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Jeff, Granddad Cataldi, Grams Cataldi, Jeremy

My dad, who would have been 95 this month, didn’t understand addiction. He once pointed his finger at me and said, “Why don’t you tell him to stop, dammit? We can all see that he’s not right. Listen, daughter, you gotta do something. You gotta tell him to stop.” I just stared back at my dad and thought, “Don’t you think I’ve told him to stop, Dad? Do you think I can’t see that he’s not right? Don’t you think I’ve tried?” I didn’t say these things to my Marine Corps Drill Sergeant father.

My reflection: My father wasn’t an addict and for him addiction was non negotiable, something that shouldn’t exist in our family and a problem that ‘had to go.’ In his mind, I was the parent and I should have able to demand that my son quit using drugs. To Dad, it was black or white, two extremes, and Jeff’s behavior wasn’t acceptable and had to end.

Today’s Promise to consider: Many people think that addiction is a lack of character and a moral weakness and, with enough guts and grit, the person should be able to stop. Stop, dammit. My dad thought that way. I wish I had had the silver bullet or had know those magic words to make the destruction stop. Instead, addiction is a cunning, baffling and insidious disease that requires extreme patience, education, perspective and faith.



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Romana Mattioli
Romana Mattioli
9 years ago

not only would my dad have been the same as yours (he’d have been 100!) so was I…

9 years ago

I am trying to be consistent and treat my son’s addiction with compassion and faith. In my soul, I waiver back and forth between him stopping the destructive behavior with his own hard work, and begging God to deliver us all. We are still in the midst of a 6 year battle with addiction oppressing my son, Ben. I always appreciate your perspective. I cherish your prayers and I hope daily for that brief respite, when clarity beats addiction and my son is gentle and kind. When he is humble, he is adorable. When addiction drives his behavior, it is unbearable and I am so weak I can hardly stand. Today, is a small victory. My son Ben called and asked to go to a sober living home. He has been homeless for 4 days due to his choice to give in to addiction. Living at home is a big trigger for him in so many ways. It allows him to give credibility to his negative emotions ( the fights and arguments for him to stop – and the strung out behavior that follows using and crashing) and my role in those fights. He can also spend all his money on his addiction and still survive because at home, he can have food, clean himself and his clothes. He may have to travel by foot, but with food and clothes, he can so easily give into addiction. I am a mom; not superman. I neither caused nor can cure my son’s addiction. It takes two to tangle and I have contributed to his addiction in many ways, but did not cause it.Every external and internal influence has contributed to his addiction. It is a disease and it plagues anyone it can. By the grace of God alone am I not addicted. Some say I am addicted to my addict, but I am learning that tough love is called that not because we treat our addicted loved ones harshly, but that the decisions we make for their best interests are often tougher than enabling. God can and will deliver him and I have hope today. Yes, today is a good day and I am thankful.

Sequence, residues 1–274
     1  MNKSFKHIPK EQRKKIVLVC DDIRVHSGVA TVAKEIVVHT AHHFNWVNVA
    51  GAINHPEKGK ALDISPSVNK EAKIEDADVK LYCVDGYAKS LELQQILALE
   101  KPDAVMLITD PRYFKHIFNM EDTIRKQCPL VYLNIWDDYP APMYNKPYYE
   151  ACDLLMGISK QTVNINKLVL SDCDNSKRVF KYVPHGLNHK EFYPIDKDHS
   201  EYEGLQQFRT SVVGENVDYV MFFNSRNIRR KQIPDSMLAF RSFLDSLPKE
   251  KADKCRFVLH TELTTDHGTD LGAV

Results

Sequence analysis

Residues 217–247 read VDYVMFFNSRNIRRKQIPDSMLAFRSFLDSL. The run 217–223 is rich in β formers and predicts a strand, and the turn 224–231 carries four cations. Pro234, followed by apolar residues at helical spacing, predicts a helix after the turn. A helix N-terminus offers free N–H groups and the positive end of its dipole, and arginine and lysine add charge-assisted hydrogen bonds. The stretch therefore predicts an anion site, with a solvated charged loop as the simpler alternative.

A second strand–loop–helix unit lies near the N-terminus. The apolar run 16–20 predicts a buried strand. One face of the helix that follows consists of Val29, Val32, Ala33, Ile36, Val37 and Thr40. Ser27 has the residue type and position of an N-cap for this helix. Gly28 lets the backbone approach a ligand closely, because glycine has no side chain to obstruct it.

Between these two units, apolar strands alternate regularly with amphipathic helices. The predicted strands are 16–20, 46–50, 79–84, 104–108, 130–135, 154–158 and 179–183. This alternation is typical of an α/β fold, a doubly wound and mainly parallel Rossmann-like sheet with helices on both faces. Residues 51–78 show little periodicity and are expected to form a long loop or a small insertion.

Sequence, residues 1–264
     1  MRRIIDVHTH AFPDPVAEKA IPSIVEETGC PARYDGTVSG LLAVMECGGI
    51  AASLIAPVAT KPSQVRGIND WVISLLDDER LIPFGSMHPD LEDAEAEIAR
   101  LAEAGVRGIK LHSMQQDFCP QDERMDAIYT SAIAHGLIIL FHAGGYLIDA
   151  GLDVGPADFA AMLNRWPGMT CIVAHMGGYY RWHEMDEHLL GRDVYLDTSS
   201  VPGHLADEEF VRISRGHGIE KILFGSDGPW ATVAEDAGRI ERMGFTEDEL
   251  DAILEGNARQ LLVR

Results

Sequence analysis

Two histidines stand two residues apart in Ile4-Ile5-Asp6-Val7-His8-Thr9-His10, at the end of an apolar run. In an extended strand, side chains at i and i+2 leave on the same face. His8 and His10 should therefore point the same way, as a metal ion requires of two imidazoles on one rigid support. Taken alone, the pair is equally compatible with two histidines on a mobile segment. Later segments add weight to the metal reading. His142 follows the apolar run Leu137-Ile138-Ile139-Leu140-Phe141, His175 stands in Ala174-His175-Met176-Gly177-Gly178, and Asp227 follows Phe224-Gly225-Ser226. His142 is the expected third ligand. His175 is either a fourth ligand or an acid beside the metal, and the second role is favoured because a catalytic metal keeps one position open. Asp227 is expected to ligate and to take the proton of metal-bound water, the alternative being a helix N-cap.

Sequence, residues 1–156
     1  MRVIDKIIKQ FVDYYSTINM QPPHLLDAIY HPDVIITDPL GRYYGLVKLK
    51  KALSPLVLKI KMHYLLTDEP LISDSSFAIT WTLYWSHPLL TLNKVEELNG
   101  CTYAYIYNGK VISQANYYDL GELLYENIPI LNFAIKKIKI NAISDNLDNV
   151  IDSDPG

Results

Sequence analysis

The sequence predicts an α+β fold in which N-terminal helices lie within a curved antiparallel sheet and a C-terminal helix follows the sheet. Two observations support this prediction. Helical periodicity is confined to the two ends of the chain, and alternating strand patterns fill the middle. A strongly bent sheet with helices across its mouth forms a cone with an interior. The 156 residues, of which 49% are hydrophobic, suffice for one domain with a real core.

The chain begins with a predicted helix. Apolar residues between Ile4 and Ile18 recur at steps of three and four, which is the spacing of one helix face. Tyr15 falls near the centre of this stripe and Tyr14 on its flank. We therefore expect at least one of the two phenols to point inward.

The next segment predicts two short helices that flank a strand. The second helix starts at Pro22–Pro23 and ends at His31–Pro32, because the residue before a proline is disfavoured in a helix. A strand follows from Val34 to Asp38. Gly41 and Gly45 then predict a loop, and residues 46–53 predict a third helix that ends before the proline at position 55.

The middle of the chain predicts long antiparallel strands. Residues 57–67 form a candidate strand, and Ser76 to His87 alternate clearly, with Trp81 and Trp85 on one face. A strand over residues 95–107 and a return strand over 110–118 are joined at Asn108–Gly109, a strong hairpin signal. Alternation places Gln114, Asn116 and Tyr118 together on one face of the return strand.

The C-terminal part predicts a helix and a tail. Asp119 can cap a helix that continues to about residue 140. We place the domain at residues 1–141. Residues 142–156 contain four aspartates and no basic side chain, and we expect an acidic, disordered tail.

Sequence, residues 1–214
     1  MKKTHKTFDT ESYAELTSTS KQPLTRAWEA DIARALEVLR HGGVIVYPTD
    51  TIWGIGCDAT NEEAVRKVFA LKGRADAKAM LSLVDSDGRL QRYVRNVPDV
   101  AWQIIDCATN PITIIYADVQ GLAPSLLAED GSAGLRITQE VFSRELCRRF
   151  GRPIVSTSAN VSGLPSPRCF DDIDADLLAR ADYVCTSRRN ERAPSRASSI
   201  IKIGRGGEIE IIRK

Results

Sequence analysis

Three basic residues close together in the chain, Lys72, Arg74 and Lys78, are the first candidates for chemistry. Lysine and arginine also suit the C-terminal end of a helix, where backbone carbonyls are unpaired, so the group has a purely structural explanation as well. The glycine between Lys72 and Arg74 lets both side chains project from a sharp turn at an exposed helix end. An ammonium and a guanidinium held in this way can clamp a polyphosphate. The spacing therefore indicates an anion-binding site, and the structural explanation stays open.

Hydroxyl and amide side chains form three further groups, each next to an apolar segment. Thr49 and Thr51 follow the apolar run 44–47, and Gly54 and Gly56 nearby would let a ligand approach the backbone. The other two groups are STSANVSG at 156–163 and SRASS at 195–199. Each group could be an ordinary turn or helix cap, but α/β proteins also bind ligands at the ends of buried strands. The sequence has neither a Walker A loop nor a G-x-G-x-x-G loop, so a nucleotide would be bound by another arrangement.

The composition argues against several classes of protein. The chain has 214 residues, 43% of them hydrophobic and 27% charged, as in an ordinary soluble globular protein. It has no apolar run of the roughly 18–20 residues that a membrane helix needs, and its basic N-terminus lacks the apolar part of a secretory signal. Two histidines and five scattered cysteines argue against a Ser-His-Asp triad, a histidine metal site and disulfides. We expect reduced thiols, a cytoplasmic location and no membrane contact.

pat nichols
9 years ago

“……addiction is a cunning, baffling and insidious disease that requires extreme patience, education, perspective and faith.” I would add compassion, love, support group, sponsor and a counselor.

Prayers for Ben and all who suffer from this disease.

9 years ago

I wish it were so easy…to tell someone to just stop and they would. I remember thinking over and over again when we first entered into this journey, how can she do this to us? It just did not make sense. Even though I know much more than I ever thought I would about this disease It still doesn’t make sense. Thats the hardest part.

Theresa, what you said about being consistent with compassion and faith is so true. It is hard to maintain compassion in the midst of the chaos this disease brings into our lives. I tried everything… anger, bribery, pleading, forcing, absolutely everything I could think of to try and get my daughter to stop. Over and over again I was left confused and sad. I did feel compassion but it was always out shadowed by everything else.

It has been 20 months now since I have seen or heard from her. The anger, frustration, fear are gone. I don’t know if its because we no longer live in chaos or just that time has given me a chance to really work through things. I really hope that when I see her again I don’t fall back into my same old feelings. I really want to maintain the compassion, love and understanding I feel for her now no matter the choices she makes.

I will continue to pray for all those suffering